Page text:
PRIVATE VIEW: FRIDAY 8 JUNE, 6 - 9PM
AWARD GIVING: 7PM
9 - 15 JUNE
SATURDAY & SUNDAY, 12 - 4PM
MONDAY - FRIDAY, 10 - 5PM
ASC Gallery and Project Space
To coincide with Bainbridge Print Studios' 10th birthday, we are very excited to present the work of our 65 selected artists and showcase this hugely diverse and accomplished selection of contemporary print.
The exhibition will feature screenprint, etching, collagraph, linocut, cyanotype, digital print, photopolymer and more!
- £150 towards paper from John Purcell Paper
- 5 free sessions working in The Art Academy's open access print rooms
- £50 towards materials from L. Cornelissen & Son
- £100 towards the cost of framing from The Frame Library
- Two mentoring sessions with the SPACE Artist Development team
- A week-long solo exhibition at ASC Gallery
- Two open access passes for one year of unlimited access to the print rooms at Bainbridge Print Studio
Deadline for submissions - Sunday 22 April, Midnight -
Artists are informed - Tuesday 1 May -
Delivery of works - Sunday 3 June, 10 - 12pm and Monday 4 June, 10 - 12pm
Private View - Friday 8 June, 6 - 9pm
Exhibition open - Saturday 9 June - Friday 15 June
Collection of works - Friday 15 June 5 - 7pm and Saturday 16 10 - 12pm
We are very excited to have the wonderful and accomplished artists Johanna Love and Marcelle Hanslaar joining us this year as selectors for the Bainbridge Open 2018.
Johanna Love is an artist and academic living in London. She is currently Pathway Leader for MA Printmaking at Camberwell College of Arts and Senior Lecturer in Fine Art Printmaking at the University of Brighton.
Her own practice explores images that sit at the intersection between traditional problems of perception and modern technology, images which are at the edge of visual representation, that provoke a number of paradoxical readings and that offer an arena within which to contemplate themes of perception, time, memory and mortality.
She completed a practice based PhD at Chelsea College of Art & Design, exploring the subject of dust, as generating new perceptions of viewing the printed photographic image. She is currently collaborating with the National History Museum at present in a project that uses an electron microscope to examine dust gathered from her grandparents’ home in Hamburg, Germany, a town heavily bombed during World War II.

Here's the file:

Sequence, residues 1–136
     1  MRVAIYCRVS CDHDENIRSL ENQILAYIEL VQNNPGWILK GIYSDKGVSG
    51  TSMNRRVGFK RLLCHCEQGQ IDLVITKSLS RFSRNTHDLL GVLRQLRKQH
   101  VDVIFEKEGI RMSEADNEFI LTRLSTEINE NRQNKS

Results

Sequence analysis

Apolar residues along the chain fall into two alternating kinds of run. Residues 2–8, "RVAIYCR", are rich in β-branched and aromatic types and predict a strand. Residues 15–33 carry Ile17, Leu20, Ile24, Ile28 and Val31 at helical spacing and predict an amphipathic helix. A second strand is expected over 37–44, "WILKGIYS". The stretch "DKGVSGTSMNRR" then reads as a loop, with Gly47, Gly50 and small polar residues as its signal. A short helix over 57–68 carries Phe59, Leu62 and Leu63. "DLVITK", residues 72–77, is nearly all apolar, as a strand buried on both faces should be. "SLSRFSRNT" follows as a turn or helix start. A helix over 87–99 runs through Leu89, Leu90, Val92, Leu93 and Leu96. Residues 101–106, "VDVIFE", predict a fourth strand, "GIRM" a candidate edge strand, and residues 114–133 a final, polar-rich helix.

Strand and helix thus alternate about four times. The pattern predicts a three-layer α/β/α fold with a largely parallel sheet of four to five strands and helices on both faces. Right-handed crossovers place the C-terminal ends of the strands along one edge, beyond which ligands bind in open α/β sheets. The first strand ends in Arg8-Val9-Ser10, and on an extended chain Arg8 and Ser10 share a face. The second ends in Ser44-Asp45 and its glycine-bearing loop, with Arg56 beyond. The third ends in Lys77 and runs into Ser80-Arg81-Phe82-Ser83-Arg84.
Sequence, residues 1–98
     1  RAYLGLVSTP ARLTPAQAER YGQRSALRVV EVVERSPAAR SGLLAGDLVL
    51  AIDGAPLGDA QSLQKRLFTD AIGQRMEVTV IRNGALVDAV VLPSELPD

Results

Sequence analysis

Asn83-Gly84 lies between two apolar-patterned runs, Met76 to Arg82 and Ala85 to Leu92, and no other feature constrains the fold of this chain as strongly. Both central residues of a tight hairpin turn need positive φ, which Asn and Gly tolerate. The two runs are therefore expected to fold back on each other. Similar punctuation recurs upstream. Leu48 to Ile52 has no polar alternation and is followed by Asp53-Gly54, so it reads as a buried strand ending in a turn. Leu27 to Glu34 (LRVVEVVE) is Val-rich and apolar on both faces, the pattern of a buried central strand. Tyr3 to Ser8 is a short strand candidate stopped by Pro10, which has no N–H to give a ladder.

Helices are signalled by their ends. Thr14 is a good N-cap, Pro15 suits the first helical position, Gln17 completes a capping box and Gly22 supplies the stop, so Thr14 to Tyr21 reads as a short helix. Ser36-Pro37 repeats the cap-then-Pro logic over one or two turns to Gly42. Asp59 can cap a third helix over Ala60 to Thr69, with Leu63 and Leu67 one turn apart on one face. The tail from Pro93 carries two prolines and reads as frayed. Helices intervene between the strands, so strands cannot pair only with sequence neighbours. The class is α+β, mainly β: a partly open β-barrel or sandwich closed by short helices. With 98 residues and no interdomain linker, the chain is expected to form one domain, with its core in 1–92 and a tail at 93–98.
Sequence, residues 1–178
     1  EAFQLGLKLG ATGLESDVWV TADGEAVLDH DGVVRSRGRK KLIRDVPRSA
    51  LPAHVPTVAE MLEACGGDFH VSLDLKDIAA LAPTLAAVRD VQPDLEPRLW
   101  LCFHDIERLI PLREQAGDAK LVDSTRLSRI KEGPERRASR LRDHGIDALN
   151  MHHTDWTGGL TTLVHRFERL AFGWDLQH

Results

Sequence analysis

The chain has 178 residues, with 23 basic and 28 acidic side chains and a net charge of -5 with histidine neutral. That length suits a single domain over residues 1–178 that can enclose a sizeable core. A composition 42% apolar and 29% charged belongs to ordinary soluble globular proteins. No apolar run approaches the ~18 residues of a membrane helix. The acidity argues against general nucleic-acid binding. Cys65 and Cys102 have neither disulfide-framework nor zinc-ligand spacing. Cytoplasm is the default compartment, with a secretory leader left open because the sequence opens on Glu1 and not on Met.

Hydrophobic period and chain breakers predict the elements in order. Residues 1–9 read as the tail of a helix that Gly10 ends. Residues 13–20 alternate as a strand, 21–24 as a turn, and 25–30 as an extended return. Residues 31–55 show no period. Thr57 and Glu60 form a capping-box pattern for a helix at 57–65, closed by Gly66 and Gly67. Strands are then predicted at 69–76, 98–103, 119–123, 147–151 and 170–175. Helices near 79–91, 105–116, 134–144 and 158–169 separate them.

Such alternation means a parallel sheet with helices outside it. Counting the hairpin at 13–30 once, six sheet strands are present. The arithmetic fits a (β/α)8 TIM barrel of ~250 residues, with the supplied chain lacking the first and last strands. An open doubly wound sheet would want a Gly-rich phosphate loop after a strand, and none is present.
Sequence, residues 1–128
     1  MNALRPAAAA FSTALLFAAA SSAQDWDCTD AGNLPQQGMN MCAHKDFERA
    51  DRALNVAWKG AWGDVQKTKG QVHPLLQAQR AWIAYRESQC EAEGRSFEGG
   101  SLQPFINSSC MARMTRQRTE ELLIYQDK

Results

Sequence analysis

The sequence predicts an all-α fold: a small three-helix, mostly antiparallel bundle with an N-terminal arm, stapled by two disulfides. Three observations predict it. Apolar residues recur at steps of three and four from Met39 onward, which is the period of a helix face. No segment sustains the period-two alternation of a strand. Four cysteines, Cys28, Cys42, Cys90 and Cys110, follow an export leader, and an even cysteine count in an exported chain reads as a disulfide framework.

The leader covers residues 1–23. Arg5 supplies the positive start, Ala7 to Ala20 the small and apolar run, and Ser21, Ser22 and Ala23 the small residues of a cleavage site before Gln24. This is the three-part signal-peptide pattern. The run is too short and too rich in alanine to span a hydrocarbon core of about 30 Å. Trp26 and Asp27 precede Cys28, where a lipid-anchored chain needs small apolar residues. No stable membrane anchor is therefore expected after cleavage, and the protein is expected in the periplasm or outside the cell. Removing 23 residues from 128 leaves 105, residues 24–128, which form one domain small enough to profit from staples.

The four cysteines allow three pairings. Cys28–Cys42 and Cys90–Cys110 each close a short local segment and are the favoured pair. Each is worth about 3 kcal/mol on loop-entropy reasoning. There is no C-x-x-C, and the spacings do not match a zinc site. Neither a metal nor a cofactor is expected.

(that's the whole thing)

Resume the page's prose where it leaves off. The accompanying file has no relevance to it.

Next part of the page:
She exhibits widely both nationally and internationally. Recent exhibitions include Painting Drawing and the Digital, University of Northampton; Another Way of Telling, Vancouver, Canada; Johanna Love, GiG Gallery, Munich; Lichtlose Luft, ParcSpace, London College of Communication; A small constellation of photographic evidence, Cheng Art Gallery, Beijing; Behind the eyes: making pictures, Gallery North, Newcastle; Viewfinder, Artspaceh Gallery, Seoul, Korea; British Printmaking Japan, Kyoto Museum & Art Gallery, Japan.
Hanselaar was born in Rotterdam in the Netherlands and attributes growing up in this protestant postwar country as being much of the inspiration for the recurring, often dark, subject matter in her work. Self-taught, she started out as an abstract painter before turning to figuration, whilst simultaneously becoming fascinated by etching.
In her most recent work The Crying Game, a series of 30 etchings based on Otto Dix's series Der Krieg, Hanselaar questions the fragility of how to remain human in an increasingly violent and displaced world. The acid bitten quality of etching amplifies the rawness of the subject matter with the aquatint adding that tender, painterly touch.
Hanselaar has exhibited widely across the UK and abroad, including at the Royal Academy of Art, Tate Modern, Flowers Gallery, Bankside Gallery, Mile End Art Pavilion, Royal West of England Academy, Arnolfini and the Science Museum UK.